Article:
If every door in Edinburgh opened to Burns in 1788, the one that led to below stairs was at most only kept ajar, but the fame of the supposedly ex-ploughboy had spread to kitchens all over the capital and the servants were all eager to get a glimpse of ‘Scotia’s darling’ and her national Bard. They crowded the stairs just out of the light so that they might see him ‘perform’, for this was a performance. Burns was a natural actor and it did not take him long to play the part expected of him. He knew himself that his novelty wouldn’t last long so he would enjoy it while he could. Besides, he was making more valuable contacts. He had discovered networking.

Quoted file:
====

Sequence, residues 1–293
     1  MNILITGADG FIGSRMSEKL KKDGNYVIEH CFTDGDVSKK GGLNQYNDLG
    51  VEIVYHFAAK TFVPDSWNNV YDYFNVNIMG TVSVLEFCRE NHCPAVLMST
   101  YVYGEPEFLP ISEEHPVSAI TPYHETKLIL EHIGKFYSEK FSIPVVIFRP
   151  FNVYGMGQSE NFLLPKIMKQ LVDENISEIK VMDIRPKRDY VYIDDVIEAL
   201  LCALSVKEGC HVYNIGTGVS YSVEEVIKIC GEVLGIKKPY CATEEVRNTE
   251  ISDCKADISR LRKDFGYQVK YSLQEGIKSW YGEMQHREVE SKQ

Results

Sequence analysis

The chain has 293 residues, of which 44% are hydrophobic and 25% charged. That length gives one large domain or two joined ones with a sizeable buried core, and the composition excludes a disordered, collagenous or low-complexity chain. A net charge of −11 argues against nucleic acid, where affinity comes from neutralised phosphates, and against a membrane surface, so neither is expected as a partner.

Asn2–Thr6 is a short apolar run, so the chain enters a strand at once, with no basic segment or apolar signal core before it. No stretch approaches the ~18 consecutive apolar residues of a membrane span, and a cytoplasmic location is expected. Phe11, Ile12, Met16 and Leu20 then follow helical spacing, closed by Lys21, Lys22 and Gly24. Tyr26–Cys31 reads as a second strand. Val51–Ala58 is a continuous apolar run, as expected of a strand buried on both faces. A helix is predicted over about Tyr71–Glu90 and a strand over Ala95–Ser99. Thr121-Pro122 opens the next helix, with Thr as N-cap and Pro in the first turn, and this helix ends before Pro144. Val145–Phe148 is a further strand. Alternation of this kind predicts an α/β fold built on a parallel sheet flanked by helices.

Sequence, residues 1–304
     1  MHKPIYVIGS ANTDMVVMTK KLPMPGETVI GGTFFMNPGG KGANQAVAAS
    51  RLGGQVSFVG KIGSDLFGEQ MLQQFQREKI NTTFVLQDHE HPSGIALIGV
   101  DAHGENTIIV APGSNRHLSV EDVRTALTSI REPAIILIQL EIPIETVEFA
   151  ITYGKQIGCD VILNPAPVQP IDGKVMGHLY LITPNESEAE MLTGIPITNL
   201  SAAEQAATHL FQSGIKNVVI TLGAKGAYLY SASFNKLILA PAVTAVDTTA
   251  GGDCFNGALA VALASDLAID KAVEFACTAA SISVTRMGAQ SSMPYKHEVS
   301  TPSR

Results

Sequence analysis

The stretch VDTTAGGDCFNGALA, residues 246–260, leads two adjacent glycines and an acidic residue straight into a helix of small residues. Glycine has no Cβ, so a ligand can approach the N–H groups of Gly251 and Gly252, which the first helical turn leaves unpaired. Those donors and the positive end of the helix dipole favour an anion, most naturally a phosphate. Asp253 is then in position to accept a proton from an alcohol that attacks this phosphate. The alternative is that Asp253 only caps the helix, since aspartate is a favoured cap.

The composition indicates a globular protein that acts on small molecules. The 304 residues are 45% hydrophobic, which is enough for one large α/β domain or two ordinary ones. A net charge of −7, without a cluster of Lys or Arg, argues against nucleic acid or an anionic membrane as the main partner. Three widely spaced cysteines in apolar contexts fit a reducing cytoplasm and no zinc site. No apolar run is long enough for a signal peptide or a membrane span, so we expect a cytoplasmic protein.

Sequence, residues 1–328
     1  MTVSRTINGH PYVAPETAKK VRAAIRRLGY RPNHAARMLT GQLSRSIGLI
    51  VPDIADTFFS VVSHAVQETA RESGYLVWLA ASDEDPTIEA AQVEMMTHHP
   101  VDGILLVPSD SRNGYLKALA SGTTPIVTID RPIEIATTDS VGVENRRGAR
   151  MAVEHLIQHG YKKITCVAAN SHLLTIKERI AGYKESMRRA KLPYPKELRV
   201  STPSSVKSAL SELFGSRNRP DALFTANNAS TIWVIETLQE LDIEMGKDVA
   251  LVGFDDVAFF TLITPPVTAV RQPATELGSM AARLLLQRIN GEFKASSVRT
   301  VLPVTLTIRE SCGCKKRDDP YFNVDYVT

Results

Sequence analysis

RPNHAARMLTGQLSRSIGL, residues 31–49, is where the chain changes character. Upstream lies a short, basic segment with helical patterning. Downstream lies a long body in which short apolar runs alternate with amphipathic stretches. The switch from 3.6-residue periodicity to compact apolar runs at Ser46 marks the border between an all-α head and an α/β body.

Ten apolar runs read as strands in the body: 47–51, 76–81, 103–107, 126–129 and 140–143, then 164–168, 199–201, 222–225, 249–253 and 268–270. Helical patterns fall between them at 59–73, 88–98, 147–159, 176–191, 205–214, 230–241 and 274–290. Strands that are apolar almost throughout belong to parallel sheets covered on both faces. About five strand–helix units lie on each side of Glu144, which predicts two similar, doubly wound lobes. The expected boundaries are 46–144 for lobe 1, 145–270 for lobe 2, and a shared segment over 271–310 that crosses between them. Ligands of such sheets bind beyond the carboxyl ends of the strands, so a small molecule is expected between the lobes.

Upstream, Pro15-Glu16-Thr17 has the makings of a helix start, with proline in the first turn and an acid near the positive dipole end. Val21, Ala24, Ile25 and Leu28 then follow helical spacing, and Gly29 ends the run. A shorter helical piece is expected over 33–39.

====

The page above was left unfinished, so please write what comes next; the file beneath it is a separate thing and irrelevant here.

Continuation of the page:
The servants knew he was still one of them no matter his fine clothes and polished English and every one of them, especially the serving girls, were proud of him. It was not always possible to widen his audience at these Edinburgh gatherings, but it is a mark of the man that he never forgot his roots despite his sudden vault into the first withdrawing rooms of the gentry where he walked across a carpet for the first time in his life.
Edinburgh was the watershed that changed Burns’ life forever. Thankfully it did not change the man.